I just want to add, looking beyond even workforce development, governors have also been taking this on at a broader level. A number of governors, for instance, have established a diversity, equity, and inclusion cabinet position. I think Virginia was the first state to do so and a number have followed suit since then. Other governors have established equity commissions or councils to develop new policy recommendations for their state and a lot of these are really holistic in their approach.
For instance in Kansas, NGA is supporting Governor Kelly’s commission that she recently set up on racial equity and justice, and that commission cuts across a range of stakeholders within the state. They’re developing policy recommendations on a huge range of issues from criminal justice and policing to healthcare and housing to closing the racial wealth gap. All those issues — again, it’s like a puzzle — all these things work in tandem to address and improve equity. So, it’s really been exciting to see and support governors who are taking some of those broader-based approaches in addition to thinking about how they can advance equity through their workforce systems.
Van Ton-Quinlivan: Well, I really appreciate that you have a deep background and experience in workforce development and working with communities and bringing that into your work with NGA.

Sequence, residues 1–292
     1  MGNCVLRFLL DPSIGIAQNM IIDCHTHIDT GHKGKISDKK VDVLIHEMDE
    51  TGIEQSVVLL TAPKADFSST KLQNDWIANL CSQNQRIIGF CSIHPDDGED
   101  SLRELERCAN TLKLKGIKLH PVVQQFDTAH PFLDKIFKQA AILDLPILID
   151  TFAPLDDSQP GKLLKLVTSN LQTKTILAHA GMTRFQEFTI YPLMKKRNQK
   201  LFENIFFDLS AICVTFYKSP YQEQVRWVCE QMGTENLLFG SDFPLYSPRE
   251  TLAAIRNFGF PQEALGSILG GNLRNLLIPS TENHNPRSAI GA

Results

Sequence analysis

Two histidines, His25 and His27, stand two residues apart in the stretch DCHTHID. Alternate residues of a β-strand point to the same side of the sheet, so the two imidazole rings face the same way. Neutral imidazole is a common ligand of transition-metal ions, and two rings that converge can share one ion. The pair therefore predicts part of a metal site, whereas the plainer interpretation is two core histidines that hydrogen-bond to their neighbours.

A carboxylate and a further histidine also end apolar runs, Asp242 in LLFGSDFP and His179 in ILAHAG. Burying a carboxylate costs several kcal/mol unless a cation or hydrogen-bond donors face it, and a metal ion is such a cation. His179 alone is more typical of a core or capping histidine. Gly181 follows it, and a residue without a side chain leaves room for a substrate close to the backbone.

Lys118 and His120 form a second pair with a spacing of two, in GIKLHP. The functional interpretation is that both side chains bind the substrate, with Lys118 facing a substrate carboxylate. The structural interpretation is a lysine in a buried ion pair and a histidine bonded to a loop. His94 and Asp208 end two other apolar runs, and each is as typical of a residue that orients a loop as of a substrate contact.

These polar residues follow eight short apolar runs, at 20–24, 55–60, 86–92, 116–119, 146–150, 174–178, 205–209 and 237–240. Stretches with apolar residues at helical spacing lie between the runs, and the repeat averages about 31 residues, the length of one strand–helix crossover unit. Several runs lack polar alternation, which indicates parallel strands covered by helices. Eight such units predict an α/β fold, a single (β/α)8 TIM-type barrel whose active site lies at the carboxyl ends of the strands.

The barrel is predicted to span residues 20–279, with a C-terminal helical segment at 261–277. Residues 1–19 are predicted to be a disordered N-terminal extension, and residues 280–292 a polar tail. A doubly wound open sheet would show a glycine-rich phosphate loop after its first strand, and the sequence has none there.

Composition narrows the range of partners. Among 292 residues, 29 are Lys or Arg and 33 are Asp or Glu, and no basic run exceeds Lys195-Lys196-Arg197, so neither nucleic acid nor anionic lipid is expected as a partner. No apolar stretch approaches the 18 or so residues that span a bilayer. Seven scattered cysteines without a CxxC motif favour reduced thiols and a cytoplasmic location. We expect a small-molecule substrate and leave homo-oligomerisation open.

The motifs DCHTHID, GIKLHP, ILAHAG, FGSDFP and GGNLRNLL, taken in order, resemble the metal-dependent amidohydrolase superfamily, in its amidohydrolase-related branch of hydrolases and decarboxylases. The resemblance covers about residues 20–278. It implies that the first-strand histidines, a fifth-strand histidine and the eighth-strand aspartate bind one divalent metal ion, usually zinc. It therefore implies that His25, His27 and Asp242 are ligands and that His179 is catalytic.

Rachael Stephens: Thank you.
Van Ton-Quinlivan: I participated in a set of policy discussions whose recommendations were reflected in a recent report. I remember those discussions were under the banner of Future Workforce Now. I would love to invite you just to highlight maybe one or two of your favorite recommendations there.
Rachael Stephens: Well, it’s really hard to highlight favorites. We did a lot of great work together through that, and it was so wonderful that you were part of that. Over the course of those two years, we partnered with FHI 360 and the Fab Foundation to bring together over 250 national experts. It was really incredible to think through what are the technological disruptions that everyone’s been talking about, how those are really taking form in the workplace, what impact that has on skill needs, and what all that means for education and training. We wound up hosting a forum with 29 states in attendance back in late 2019. So clearly, a top priority for governors back before the pandemic was on the radar.